Fuller in Fashion

Fashion is design you wear, mobile and kinetic, including both tension and compression components.  Fashion is the valve between the environment (everything except you) and the universe (everything including you).  R. Buckminster Fuller’s influence on fashion is an undocumented parallel to his investigation into design.

☂ Fuller was attentive to his appearance. In Your Private Sky (Baden: Lars Muller Publishers 1999), Fuller is quoted as saying:

I decided to make a complete experiment of peeling off from society in general, and started wearing T-shirts which nobody was doing then, went about without a hat and in sneakers – absolutely comfortable clothes. Then when people started getting interested in my Dymaxion House, very nice people with influence, and they’d say, “l’d like to give a dinner party for you” and so forth, I would show up in khaki pants and they’d be very shocked. And when Mrs. John Alden Carpenter, head of the Arts Council in Chicago, gave a beautiful dinner party, I showed up and rudely announced, “I don’t eat that kind of food,” and was in every way obnoxious. l was putting self and comfort ahead of my Dymaxion House, and I said, “You’re not allowed to do that. You must get over that. You must stop that looking eccentric, with everybody pointing at this guy.” So I decided the way to do that was to become the invisible man, and that means a bank clerk – so I put on a black suit, bank clerk’s clothing; then they would focus on what I was saying instead of my eccentricities. I said, “I must get rid of continually making too much of myself.”

Fuller also knew of the attraction of the nude. When he exhibited the Dymaxion House in the 1920s, he placed a nude doll in its bedroom.

Continuum Fashion is the source for this graphic showing one of a pair of irregular geodesic hemispheres…

The graphic is a glimpse into the mathematics of the N12, a bikini designed with a 3-D scanner and printed with a 3-D printer. Continuum writes:

The N12 bikini is the world’s first ready-to-wear, completely 3D-printed article of clothing. All of the pieces, closures included, are made directly by 3D printing and snap together without any sewing. N12 represents the beginning of what is possible for the near future. N12 is named for the material it’s made out of: Nylon 12. This solid nylon is created by the SLS 3D printing process. Shapeways calls this material “white, strong, and flexible”, because its strength allows it to bend without breaking when printed very thin. With a minimum wall thickness of .7 mm, it is possible to make working springs and almost thread-like connections. For a bikini, the nylon is beautifully functional because it is waterproof and remarkably comfortable when wet.

☂ “When I am working on a problem, I never think about beauty but when I have finished, if the solution is not beautiful, I know it is wrong.” This quote is attributed to R. Buckminster Fuller but I cannot find the source. More significantly, the greatest online biographer of Fuller – Joe S. Moore at his incredible buckminster.info – also cannot place this quote. Can you?

☂ Photographer Moria Simmons and a friend went as “Buckminster Fuller and the Geodesic Dame” on Halloween 2008.  See Moria’s photograph here, and more of her photography (including a sneaky shot of the Dymaxion Car and the Fuller postage stamp) here. Could this be the same Moria who knitted a geodesic hat?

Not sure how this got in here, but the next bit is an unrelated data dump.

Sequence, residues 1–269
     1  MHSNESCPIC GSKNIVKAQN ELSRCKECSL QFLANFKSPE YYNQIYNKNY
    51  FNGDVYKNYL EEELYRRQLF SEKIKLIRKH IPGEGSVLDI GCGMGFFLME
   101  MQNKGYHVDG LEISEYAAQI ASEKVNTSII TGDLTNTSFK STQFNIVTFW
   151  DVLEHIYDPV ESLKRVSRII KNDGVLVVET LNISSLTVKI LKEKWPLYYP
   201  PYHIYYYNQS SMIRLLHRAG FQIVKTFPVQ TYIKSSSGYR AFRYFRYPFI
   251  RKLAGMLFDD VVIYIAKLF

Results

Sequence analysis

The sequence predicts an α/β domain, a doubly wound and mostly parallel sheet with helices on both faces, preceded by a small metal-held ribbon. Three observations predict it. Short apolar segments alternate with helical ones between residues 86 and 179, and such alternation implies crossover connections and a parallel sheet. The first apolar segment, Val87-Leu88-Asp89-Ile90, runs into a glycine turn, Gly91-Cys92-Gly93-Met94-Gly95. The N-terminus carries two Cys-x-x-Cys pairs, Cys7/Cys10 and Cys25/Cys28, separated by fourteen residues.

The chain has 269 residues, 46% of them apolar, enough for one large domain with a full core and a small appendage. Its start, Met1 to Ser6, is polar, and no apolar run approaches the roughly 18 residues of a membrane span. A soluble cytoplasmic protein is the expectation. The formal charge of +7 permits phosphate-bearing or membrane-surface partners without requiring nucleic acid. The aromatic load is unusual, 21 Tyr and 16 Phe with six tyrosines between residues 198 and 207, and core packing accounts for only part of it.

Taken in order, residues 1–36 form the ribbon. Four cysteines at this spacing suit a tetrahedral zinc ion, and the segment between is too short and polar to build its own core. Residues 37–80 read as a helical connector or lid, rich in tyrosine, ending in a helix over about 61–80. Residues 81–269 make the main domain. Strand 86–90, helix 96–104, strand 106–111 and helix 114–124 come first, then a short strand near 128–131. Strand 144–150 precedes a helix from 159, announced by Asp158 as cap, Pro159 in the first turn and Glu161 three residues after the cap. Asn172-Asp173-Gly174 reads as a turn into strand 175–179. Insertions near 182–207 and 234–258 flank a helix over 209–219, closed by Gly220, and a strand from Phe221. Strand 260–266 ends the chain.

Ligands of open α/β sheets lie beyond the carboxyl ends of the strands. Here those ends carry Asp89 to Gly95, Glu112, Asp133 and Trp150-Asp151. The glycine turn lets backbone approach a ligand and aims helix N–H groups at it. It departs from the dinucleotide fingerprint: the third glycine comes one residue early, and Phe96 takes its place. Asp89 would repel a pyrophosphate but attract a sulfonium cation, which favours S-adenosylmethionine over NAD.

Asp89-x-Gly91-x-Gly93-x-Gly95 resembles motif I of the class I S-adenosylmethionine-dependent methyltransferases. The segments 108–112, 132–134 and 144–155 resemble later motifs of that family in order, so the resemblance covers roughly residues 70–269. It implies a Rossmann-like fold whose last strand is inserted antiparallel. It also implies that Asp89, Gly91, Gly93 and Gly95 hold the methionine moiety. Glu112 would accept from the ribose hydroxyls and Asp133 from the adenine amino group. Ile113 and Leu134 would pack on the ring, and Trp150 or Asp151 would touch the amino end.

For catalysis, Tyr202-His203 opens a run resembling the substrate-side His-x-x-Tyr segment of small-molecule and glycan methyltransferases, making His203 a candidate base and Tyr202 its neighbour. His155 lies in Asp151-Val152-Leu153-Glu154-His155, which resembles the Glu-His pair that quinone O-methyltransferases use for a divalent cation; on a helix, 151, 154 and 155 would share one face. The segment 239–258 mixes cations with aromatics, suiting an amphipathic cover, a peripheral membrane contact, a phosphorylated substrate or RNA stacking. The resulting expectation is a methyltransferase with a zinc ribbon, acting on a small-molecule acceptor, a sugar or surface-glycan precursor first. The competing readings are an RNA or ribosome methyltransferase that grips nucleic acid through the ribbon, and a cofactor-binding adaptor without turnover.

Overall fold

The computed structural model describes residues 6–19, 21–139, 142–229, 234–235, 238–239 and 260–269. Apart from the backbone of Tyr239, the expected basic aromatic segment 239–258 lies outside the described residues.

Laura Dawson is a fashion designer. She used a geodesic dome to exhibit her Fall 2009 collection. (Thanks to grunch.net).

☂ The Buckminster Fuller Institute sells handbags and if memory serves they have sold pins and t-shirts in the past.

☂ Colleen Coghlan designed an inflatable type-two two-frequency geodesic pillow dome garment. She writes: “The inflatable dress (or ‘Wearable Space’) is, as the name describes, a garment that inflates into a personal space to sleep, rest or play within.”

Read more about the Wearable Space at The Cool Hunter.

☂ Connie Chang Chinchio sells a pattern for a geodesic cardigan.

Life Magazine could have published a photograph of anyone assembling a Dymaxion Map in March 1943. They chose a contortionist in her circus uniform.

Fuller Houses by Federico Neder (Baden: Lars Muller Publishers 2008) includes several items of Fuller fashion. The color plates section in the rear of the book shows a lapel pin of the Dymaxion House, presumably sold in the Henry Ford Museum where the Dymaxion House is on display. Fuller Houses also includes a sketch of a Dymaxion Hat designed by Irene Sharaff.

☂ The umbrella is a favored icon at synchronofile because it is a portable relatively inexpensive dome shelter produced on the industrial level. There are endless variations to the umbrella, from a banker’s basic black to the LED umbrellas of the film Blade RunnerThe Bucky Bar was raised in February 2010.  It was a geodesic dome made up of umbrellas designed by DUS Architects as a spontaneous (and unauthorized) dance bar in Rotterdam.

☂ Hair stylists Andreas and Markus contributed a two-frequency type two geodesic sphere hair weave to a fashion shoot by Purebred Productions.

☂ Florida-based Emilie produces beaded jewelry informed by energetic-synergetic mathematics.

☂ My first tattoo, which I gave myself around 1989, is a geometric shape referencing the work of Buckminster Fuller. No photographs of my tattoos have ever been published.

☂This essay first published on the twelfth of July 2011, a day of great significance to Buckminster Fuller.

- Trevor Blake

Trevor Blake is the author of the Buckminster Fuller Bibliography, available at synchronofile.com

Tuesday, July 12th, 2011 domes, dymaxion, geodesic, maps, rbf, shelter, synchronofile